Volume 89 Issue 4 | p. 11 | News of The Week
Issue Date: January 24, 2011

Surprising Superoxide

Catalysis: Novel mode of end‑on oxygen binding discovered in palladium complexes
Department: Science & Technology
News Channels: JACS In C&EN
Keywords: Pd complexes, peroxide, superoxide, hydroperoxide, catalysis
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Binding Forms
Previously known side-on (η2) peroxide complex (left) and new end-on (η1) superoxide complex.
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Binding Forms
Previously known side-on (η2) peroxide complex (left) and new end-on (η1) superoxide complex.

An international collaboration has discovered and characterized an unprecedented mode of binding of oxygen in Pd complexes with N-heterocyclic carbene (NHC) and/or PR3 (trialkyl- or triarylphosphine) ligands (J. Am. Chem. Soc., DOI: 10.1021/ja1103348).


The work is a fundamental advance in organometallic chemistry. But it could also have practical implications by aiding the development of new oxidation catalysts because Pd(NHC)(PR3) complexes are closely related to homogeneous catalysts for reactions that use molecular oxygen as an oxidant.


In a study of the kinetics and thermodynamics of O2 binding to Pd centers, Carl D. Hoff of the University of Miami and coworkers isolated and obtained the crystal structure of a new type of Pd(NHC)2 complex—a bis-superoxide complex with two end-on (η1) O2 ligands. In such complexes, only one of the two oxygen atoms in each superoxide group is linked to Pd. The researchers also found that this superoxide complex could undergo a hydrogen-atom transfer reaction to form a bis-hydroperoxide complex.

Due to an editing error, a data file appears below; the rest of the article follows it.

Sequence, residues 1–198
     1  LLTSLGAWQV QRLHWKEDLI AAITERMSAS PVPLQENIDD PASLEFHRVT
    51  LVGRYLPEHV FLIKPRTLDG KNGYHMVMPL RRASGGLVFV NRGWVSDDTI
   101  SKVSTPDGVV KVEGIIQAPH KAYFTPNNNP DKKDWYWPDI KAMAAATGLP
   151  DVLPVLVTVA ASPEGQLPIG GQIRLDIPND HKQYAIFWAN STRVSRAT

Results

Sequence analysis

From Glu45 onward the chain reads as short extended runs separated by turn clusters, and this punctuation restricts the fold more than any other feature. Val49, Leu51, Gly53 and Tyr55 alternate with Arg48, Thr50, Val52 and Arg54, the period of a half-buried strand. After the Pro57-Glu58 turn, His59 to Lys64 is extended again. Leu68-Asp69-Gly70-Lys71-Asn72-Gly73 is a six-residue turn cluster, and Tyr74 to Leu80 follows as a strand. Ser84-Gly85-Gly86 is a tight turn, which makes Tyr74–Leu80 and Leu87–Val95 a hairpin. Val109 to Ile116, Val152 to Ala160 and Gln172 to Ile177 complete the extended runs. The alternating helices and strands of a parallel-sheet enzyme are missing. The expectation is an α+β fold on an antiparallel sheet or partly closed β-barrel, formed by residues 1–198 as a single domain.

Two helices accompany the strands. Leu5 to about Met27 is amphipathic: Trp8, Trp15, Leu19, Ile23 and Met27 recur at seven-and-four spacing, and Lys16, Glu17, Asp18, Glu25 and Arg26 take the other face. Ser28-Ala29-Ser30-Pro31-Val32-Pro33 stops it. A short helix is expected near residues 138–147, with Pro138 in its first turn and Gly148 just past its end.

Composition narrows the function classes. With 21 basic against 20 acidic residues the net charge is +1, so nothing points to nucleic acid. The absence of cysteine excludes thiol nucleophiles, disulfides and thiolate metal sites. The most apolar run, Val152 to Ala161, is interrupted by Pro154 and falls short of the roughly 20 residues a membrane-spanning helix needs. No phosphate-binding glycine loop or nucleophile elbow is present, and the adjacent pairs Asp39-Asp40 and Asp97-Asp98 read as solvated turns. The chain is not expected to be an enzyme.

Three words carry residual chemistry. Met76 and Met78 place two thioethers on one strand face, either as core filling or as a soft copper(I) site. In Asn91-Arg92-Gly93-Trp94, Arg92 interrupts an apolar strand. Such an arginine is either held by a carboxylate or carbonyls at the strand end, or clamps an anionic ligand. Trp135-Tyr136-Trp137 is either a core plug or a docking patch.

“The idea that a Pd(0) center reacts with two equivalents of O2 to form a stable bis-superoxide complex is remarkable,” says Shannon S. Stahl, a catalysis expert at the University of Wisconsin, Madison. That Hoff and coworkers “were able to get evidence for this—much less proceed to get a crystal structure and form the bis-hydroperoxide—there’s no way I would have believed this could happen.”


Stahl believes that the bis-superoxide also helps resolve a mechanistic controversy. He and his coworkers earlier prepared a Pd(NHC)2 side-on (η2) peroxide complex in which both oxygen atoms are bound to Pd and bonded to each other. On the basis of a computational study, they proposed that the side-on peroxide forms via an end-on (η1) intermediate. But this hypothesis conflicts with an alternative proposal that the reaction is a single-step process in which both oxygen atoms bind Pd simultaneously. The discovery of the end-on bis-superoxide provides the first experimental evidence for the end-on-intermediate hypothesis, Stahl says.


Hoff and coworkers find that the size of NHC and PR3 ligands in the Pd complexes appears to play a key role in determining the nature of oxygen binding. They propose that small ligands result in fast kinetics and the addition of a single O2 to form a side-on peroxide and that large ligands cause slow kinetics, providing extra time for the addition of both an initial end-on O2 and a second one, resulting in formation of the new end-on bis-superoxide.


Team member and inorganic chemistry professor Steven P. Nolan of the University of St. Andrews, in Scotland, says that the observation of novel end-on peroxide and hydroperoxide binding modes “may assist in designing ligand environments better suited for palladium-mediated oxidation catalysis.”

 
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ISSN 0009-2347
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